I've heard a number of people make statements lately like: "If you're using Lorem Ipsum text, just stop it." Or similar. That argument, expanded, goes something like this. Design exists to serve content. Lorem ipsum is fake content. If you're already designing, and you are using fake content, you are not serving the content and thus not doing your job as a designer correctly.

Pretty extreme, I think. Karen McGrane is one of the only people I've heard argue the other way, in her article "In Defense of Lorem Ipsum". She asks:

For those who would argue that it’s impossible to evaluate designs without real content, let me ask this: why then, is it okay to evaluate content out of context of the designs?

I don't know about you but I've worked on designs where only after it's been fleshed out a bit and starting having a life of it's own did it suggest the best copy. It actually makes more sense to me to not start with specific copy and let that happen more naturally during the design process.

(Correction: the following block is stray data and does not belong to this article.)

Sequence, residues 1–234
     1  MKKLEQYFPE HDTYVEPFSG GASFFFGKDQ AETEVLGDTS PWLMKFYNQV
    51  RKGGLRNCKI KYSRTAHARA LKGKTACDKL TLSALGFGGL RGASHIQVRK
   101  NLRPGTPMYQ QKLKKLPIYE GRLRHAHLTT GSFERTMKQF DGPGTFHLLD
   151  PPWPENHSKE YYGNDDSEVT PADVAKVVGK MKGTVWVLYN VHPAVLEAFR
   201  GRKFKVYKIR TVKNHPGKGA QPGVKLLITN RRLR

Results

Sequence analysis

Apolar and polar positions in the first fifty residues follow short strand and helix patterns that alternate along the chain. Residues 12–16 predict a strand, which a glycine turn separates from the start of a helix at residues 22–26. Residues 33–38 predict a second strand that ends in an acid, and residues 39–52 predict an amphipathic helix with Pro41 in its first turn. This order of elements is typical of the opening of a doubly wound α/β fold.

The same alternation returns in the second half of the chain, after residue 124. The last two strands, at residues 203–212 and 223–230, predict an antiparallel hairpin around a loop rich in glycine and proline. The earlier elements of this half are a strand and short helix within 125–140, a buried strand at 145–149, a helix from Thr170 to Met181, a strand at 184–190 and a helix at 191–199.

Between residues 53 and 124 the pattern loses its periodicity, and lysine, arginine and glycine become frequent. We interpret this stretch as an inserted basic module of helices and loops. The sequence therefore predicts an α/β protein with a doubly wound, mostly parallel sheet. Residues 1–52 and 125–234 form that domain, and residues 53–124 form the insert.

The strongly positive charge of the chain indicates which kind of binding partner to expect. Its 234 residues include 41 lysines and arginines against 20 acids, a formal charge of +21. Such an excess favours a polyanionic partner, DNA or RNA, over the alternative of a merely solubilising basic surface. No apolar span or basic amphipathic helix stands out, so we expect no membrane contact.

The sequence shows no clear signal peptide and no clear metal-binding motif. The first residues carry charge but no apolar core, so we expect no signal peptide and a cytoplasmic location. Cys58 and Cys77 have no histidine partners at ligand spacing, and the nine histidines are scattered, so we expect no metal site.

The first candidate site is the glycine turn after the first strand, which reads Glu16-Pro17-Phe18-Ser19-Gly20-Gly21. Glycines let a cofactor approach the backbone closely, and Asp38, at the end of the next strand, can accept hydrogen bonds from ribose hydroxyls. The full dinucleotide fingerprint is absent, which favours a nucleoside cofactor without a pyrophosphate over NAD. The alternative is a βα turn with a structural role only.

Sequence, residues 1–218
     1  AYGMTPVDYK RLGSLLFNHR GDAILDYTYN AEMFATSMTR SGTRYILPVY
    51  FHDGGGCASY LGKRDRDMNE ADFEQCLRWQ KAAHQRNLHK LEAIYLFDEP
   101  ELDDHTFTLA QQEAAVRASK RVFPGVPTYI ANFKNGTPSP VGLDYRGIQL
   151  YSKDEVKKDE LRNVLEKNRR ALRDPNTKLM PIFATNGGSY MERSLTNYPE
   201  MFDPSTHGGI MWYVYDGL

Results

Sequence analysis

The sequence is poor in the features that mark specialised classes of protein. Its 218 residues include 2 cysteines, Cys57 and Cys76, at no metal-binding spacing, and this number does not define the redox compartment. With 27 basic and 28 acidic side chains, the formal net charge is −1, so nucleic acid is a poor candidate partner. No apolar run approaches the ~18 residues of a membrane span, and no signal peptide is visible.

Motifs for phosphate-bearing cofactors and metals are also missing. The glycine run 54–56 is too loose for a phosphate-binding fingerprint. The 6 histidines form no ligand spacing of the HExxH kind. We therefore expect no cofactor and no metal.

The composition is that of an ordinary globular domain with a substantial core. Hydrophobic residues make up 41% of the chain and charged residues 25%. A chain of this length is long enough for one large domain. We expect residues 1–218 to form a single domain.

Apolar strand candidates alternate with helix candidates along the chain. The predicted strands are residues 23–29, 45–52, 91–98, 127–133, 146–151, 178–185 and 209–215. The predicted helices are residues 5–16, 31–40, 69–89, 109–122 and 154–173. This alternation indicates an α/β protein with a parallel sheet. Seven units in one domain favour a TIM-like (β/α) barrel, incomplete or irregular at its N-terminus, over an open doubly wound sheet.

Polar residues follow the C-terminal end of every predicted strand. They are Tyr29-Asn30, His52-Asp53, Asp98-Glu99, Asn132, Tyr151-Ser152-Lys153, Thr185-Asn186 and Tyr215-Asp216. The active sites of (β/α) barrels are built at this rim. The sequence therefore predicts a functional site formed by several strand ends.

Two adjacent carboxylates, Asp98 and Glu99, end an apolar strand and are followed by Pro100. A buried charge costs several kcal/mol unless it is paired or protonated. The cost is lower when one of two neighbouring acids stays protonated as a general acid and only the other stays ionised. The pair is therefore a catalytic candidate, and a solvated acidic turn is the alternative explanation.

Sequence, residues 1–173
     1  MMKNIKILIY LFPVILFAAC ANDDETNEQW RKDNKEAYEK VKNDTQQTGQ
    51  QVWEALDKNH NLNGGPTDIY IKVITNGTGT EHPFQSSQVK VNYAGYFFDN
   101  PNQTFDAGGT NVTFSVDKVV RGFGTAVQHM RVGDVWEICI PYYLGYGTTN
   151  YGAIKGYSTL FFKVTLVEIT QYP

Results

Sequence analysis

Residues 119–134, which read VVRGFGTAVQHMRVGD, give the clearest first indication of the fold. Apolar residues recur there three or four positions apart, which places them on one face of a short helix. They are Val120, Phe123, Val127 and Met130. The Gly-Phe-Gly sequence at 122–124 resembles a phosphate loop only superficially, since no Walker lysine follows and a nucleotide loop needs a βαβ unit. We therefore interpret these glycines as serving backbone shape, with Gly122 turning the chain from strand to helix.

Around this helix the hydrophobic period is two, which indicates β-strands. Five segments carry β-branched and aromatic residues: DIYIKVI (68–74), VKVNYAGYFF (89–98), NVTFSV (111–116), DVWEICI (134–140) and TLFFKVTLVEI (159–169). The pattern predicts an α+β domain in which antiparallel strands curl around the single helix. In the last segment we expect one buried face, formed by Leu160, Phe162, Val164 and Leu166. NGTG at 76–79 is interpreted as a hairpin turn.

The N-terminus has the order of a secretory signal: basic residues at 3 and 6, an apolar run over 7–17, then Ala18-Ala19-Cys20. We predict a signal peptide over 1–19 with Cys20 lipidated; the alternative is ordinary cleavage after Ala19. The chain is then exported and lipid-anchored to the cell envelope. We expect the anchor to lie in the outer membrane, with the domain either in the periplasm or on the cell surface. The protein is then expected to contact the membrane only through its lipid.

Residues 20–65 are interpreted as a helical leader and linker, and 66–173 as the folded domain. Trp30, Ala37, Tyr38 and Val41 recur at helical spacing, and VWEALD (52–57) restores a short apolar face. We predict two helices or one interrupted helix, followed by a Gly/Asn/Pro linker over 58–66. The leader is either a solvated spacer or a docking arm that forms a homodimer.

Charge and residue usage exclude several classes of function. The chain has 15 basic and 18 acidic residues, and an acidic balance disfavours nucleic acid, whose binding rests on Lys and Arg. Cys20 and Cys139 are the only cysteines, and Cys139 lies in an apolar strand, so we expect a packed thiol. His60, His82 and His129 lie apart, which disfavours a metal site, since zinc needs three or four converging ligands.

The cool part about this discussion is that everyone has good points. Instead of "No Ipsum!" we should probably be saying "We should involve content strategy right away in new projects." Instead of saying "Yes Ipsum!" we should probably be saying "Fake content can be a useful part of the design process, like picking colors or wireframing."

Kristina Halvorson, in a comment on Karen's article:

Pointing to “lorem ipsum” as a problem is, really, simply an attention-grabbing way to start the bigger conversation, which is that very few people have a process in place for planning content.

It’s a talking point around which to structure an introduction to content strategy.

Sorry if this is dead-horse-beating, but it's been running through my head and sometimes the only way to get it out is blogging it =)